Jail Fees: Adding Insult to Injury

By Thomas L. Knapp
 
While traveling by bus earlier this week, I made the acquaintance of a fellow passenger who had just been released from jail.handsjail in Alachua County, Florida, after spending a year fighting charges he was eventually acquitted of. Interesting guy with an interesting story, and one that puts a burr under my fur about how the law treats those accused of crimes.
 
As you read this, keep in mind once again that he was acquitted — found “not guilty” of any crime. He was kept in jail without bail through the lengthy trial process because he was from out of state and considered a flight risk.
 
When he was booked into the jail, he was assessed a $50 fee for the processing.
 
While he remained in jail, he was assessed a fee of $4 per day for his room and board (which, he told me, consisted of a hot breakfast, then bologna sandwiches for lunch and dinner every day).
 
There may have been other fees, too, but we’re already looking at $1,500 he was required to pay just to remain in a place he would cheerfully have walked right out of if allowed.
 
When family and friends sent him money for “commissary” (the in-jail store where inmates can buy candy and such to supplement the jail diet), the fees were deducted from it before he got any of the money. And, he said, if an inmate is released “owing” the jail money, he’s issued a letter detailing a payment plan, with a warning that the matter will be referred to a collection agency if the money isn’t forthcoming.
 
There’s a term for that kind of scheme, but I can’t use it in a family-oriented column. It refers to uncastrated male cattle and what they leave on the ground behind them.
 
This is the third time I’m mentioning that he was acquitted. Do you suppose the sheriff’s office cut him a refund check for all those fees? Nope.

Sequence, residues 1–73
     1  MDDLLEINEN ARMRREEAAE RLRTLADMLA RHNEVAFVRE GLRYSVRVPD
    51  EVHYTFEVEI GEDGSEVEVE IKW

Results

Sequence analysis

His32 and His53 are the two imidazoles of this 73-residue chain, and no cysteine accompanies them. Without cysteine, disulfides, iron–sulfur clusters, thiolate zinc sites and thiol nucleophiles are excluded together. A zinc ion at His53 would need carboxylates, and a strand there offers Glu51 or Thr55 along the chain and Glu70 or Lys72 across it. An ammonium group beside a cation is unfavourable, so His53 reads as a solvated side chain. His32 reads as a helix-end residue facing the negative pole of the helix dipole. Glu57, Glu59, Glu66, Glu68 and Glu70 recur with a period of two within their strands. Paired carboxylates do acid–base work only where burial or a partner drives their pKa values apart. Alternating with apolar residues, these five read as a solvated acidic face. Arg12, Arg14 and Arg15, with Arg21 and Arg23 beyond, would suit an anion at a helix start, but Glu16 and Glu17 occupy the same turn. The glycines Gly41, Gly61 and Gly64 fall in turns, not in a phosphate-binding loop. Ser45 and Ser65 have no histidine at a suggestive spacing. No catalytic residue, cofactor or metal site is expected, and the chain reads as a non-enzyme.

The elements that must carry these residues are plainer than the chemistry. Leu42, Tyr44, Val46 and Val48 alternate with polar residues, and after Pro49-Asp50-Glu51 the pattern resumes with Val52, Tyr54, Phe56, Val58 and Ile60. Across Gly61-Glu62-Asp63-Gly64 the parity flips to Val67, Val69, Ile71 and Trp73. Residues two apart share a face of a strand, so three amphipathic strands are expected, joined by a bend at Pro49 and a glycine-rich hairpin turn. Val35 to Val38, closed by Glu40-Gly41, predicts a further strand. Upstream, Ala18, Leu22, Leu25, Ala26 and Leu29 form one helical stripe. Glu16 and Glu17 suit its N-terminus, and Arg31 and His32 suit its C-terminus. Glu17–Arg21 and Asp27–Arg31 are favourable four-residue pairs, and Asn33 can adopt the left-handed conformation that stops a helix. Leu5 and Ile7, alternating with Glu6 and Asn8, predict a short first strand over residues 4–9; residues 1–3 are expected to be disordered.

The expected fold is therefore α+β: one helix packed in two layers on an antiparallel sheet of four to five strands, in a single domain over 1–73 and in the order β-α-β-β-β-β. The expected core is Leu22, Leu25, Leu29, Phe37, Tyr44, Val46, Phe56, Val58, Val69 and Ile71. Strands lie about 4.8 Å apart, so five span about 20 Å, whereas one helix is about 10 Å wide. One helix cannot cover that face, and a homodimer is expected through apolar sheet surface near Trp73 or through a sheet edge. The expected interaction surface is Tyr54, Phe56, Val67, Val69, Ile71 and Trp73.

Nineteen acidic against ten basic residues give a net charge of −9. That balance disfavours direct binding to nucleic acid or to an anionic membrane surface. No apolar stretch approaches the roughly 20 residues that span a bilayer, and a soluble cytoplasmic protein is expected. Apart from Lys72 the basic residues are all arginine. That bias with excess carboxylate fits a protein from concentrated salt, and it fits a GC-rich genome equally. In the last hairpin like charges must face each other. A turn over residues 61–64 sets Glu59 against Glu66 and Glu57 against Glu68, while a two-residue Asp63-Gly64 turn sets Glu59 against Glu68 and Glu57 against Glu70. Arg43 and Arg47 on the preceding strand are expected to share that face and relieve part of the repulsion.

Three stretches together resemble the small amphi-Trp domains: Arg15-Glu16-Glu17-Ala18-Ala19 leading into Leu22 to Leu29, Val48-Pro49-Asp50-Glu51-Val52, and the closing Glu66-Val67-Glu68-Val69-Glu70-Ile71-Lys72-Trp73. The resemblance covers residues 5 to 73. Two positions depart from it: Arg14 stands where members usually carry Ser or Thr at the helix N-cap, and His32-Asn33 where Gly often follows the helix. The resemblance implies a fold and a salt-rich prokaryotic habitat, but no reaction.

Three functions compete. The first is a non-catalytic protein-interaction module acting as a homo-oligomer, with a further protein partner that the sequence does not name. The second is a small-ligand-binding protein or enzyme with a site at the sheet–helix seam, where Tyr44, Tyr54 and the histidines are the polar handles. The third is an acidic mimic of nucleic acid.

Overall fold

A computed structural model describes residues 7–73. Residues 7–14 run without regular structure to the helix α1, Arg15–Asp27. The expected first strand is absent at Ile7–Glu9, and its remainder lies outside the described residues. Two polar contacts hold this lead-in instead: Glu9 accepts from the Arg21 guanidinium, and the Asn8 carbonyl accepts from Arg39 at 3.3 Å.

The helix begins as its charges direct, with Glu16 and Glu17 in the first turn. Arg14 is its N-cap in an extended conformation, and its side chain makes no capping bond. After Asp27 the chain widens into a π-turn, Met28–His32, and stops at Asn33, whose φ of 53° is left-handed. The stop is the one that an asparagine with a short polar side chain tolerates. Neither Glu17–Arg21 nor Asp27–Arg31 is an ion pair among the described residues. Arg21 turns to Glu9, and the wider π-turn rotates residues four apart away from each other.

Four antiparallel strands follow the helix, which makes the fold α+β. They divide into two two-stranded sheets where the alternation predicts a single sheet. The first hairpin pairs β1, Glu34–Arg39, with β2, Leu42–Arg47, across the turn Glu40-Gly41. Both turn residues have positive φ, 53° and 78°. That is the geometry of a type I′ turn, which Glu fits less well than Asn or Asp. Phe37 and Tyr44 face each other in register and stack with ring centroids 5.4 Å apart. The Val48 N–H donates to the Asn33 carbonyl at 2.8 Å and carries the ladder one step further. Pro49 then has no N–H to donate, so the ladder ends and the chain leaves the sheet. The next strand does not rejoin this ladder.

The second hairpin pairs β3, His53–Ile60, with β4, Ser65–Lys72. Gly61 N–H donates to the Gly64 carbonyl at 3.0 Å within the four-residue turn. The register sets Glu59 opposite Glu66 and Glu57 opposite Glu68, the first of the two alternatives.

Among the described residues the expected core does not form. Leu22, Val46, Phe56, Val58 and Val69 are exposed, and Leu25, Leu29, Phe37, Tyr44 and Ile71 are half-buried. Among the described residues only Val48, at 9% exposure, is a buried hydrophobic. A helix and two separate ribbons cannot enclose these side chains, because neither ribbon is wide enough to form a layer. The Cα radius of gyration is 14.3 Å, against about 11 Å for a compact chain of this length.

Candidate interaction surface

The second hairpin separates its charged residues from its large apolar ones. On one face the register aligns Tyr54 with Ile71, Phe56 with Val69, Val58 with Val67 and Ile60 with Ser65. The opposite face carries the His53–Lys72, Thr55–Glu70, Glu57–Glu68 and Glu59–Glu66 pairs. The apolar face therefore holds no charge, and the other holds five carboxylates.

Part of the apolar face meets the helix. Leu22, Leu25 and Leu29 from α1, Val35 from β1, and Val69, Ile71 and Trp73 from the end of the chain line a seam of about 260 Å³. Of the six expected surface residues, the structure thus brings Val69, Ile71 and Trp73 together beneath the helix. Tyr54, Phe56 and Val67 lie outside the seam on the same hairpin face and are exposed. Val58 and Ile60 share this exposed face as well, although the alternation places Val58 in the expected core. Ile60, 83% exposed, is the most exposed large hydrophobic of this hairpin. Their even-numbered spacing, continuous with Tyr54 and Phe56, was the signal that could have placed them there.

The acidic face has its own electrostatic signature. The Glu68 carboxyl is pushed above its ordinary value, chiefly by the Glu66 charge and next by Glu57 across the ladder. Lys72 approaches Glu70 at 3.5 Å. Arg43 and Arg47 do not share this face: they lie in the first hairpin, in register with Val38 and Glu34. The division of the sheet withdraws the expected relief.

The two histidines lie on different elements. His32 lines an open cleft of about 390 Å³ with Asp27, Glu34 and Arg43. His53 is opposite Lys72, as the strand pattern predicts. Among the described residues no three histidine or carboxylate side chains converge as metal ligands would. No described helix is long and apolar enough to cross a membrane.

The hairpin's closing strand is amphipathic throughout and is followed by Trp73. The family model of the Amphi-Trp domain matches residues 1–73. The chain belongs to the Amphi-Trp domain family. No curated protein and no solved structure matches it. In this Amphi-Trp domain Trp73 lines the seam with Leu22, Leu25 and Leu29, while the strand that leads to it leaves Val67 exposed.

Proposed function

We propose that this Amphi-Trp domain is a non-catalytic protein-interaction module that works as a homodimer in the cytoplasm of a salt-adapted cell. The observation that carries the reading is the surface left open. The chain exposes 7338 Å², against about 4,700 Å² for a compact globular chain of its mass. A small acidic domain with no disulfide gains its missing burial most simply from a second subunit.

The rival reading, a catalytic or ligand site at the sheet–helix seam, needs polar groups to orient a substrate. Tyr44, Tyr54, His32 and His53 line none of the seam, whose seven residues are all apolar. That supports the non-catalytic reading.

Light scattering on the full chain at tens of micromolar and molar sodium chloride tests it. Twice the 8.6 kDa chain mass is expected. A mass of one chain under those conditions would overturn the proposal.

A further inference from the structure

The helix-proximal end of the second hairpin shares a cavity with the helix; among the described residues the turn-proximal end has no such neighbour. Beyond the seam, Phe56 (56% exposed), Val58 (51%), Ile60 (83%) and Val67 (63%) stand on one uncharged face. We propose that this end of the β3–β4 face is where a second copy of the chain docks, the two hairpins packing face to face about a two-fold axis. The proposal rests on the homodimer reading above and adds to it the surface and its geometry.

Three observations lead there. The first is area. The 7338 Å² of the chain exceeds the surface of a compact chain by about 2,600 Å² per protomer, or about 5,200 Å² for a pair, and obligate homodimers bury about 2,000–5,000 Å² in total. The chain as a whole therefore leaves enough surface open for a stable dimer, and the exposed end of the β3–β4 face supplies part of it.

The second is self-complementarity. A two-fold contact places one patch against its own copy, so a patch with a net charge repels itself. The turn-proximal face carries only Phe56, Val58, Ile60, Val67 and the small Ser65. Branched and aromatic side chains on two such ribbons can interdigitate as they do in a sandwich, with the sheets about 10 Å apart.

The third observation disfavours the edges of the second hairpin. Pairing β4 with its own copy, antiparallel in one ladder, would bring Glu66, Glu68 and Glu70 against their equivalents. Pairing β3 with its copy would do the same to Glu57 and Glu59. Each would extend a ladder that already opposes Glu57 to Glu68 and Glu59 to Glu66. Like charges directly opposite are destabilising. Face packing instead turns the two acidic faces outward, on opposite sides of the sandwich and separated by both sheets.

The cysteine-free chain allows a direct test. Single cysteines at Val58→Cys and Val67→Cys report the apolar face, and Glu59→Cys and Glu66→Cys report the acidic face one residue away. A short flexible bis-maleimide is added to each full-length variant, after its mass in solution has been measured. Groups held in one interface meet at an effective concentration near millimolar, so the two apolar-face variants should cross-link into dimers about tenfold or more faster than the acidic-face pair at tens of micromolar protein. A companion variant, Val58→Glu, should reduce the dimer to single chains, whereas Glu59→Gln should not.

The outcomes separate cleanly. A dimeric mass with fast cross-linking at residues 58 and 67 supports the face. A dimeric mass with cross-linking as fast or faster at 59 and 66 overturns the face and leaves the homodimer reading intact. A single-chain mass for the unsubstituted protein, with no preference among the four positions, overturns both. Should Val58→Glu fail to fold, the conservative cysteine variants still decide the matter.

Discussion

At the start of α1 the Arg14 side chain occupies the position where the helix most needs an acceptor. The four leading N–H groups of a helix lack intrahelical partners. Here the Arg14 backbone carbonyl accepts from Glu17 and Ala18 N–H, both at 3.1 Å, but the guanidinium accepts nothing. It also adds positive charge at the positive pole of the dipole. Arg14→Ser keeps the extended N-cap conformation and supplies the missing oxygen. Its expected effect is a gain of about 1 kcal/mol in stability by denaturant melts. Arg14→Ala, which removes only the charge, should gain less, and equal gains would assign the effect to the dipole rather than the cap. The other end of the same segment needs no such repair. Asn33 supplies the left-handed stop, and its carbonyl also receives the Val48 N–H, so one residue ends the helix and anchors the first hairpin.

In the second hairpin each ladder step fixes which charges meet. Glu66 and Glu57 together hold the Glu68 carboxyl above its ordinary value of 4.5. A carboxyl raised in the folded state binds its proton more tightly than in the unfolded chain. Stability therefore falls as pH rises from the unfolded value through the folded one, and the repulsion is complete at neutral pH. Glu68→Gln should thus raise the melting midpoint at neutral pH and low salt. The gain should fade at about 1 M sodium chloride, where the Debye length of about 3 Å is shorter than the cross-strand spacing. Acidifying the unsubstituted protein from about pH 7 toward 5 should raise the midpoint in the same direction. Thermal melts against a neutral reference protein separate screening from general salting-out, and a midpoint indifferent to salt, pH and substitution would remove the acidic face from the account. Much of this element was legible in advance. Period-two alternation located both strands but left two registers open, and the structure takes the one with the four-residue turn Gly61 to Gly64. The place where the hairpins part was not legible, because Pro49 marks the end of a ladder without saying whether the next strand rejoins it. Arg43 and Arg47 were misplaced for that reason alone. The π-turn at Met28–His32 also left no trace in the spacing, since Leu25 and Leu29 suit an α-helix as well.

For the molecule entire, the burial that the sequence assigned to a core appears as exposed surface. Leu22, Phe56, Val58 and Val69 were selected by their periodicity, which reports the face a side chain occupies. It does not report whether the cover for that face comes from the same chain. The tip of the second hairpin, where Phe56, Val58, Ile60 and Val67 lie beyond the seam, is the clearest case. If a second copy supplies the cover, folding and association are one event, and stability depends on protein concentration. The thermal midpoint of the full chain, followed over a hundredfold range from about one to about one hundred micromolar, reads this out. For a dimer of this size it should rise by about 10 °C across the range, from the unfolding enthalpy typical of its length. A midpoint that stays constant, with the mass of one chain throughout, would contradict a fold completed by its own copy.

And  if he had been convicted? So what?
 
The theory behind the American criminal justice system is that it works on behalf of all of us innocent folks out here enjoying our freedom. I have my doubts about that theory, but if it’s true, shouldn’t “we” pick up the check for keeping people — even guilty people — in jail if that’s where “we” want them kept? This evil “fee” system needs to go.
 
Thomas L. Knapp (Twitter: @thomaslknapp) is director and senior news analyst at the William Lloyd Garrison Center for Libertarian Advocacy Journalism (thegarrisoncenter.org). He lives and works in north central Florida.

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4 Responses to Jail Fees: Adding Insult to Injury

  1. Bruce Boyer March 14, 2016 at 4:38 pm

    Tell me again, lie to me and tell me we live in a free Country! Jailed for a year awaiting trial; where is our Right to a speedy trial/ Our Right to ‘reasonable bail? They are shredded. There is a case progressing forward for a young man falsely arrested, charges dismissed who spent nearly three years in jail, Riker’s Island NY ‘awaiting trial” as the tried to force him into accepting a plea deal for ‘time served’. For such injustice that we either perpetrate, facilitate, or spectate, God will rightly judge us harshly. Which one are you? Spectator? Stand up and fight injustice, stop being a spectator and thinking that you are not culpable!

    Reply
  2. William "Bill" Hicks March 11, 2016 at 10:55 am

    It’s not just keeping a person behind bars that repays society for being outside the law. Ideally the aggrieved should receive recompense for their losses. Certainly, the perp should not just spend time behind bars as his penalty alone.

    Now, on the other hand, an innocent, or not proven guilty, person should not have to have an unjust penalty either.

    Reply
  3. Thomas L. Knapp March 11, 2016 at 8:11 am

    Bill,

    Well, that’s kind of the whole point.

    If “we” want Person X to be held in jail, it’s “our” job to pick up the check.

    HE didn’t walk up to the gate and say “put me in a cage, don’t let me leave and feed me nothing but bologna sandwiches.”

    HE would almost certainly gladly leave if allowed to. The only reason he doesn’t is that the doors are locked and that if he does manage to slip out he will be chased and, if he survives capture, involuntarily returned.

    The hypothetical “we” — aka “the taxpayers” — are the ones who supposedly want him kept in jail. If you want something, pay for it. If you don’t want to pay for it, don’t demand it.

    Reply
  4. William "Bill" Hicks March 11, 2016 at 7:49 am

    Actually Mr. Knapp, I agree with you partially. He should have been given a break after being acquitted. And keep in mind, being acquitted is not the same thing as being found innocent.

    What if he had been found guilty? Isn’t it “fair” that the perp pay for his care instead of the taxpayers under that circumstance?

    Reply

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